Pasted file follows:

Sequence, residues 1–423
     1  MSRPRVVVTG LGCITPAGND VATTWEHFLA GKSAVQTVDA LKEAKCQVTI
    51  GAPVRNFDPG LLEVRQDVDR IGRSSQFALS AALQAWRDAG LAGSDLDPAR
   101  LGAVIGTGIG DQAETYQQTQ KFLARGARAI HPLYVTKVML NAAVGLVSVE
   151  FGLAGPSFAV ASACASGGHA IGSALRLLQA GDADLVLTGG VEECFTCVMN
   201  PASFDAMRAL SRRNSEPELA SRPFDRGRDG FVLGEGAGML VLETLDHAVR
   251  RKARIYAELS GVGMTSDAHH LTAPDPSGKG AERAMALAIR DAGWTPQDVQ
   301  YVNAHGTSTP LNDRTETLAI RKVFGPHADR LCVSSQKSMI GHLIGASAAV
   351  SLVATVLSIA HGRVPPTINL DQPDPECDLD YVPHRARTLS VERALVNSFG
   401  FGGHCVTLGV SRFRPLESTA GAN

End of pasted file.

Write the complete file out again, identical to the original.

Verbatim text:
Sequence, residues 1–423
     1  MSRPRVVVTG LGCITPAGND VATTWEHFLA GKSAVQTVDA LKEAKCQVTI
    51  GAPVRNFDPG LLEVRQDVDR IGRSSQFALS AALQAWRDAG LAGSDLDPAR
   101  LGAVIGTGIG DQAETYQQTQ KFLARGARAI HPLYVTKVML NAAVGLVSVE
   151  FGLAGPSFAV ASACASGGHA IGSALRLLQA GDADLVLTGG VEECFTCVMN
   201  PASFDAMRAL SRRNSEPELA SRPFDRGRDG FVLGEGAGML VLETLDHAVR
   251  RKARIYAELS GVGMTSDAHH LTAPDPSGKG AERAMALAIR DAGWTPQDVQ
   301  YVNAHGTSTP LNDRTETLAI RKVFGPHADR LCVSSQKSMI GHLIGASAAV
   351  SLVATVLSIA HGRVPPTINL DQPDPECDLD YVPHRARTLS VERALVNSFG
   401  FGGHCVTLGV SRFRPLESTA GAN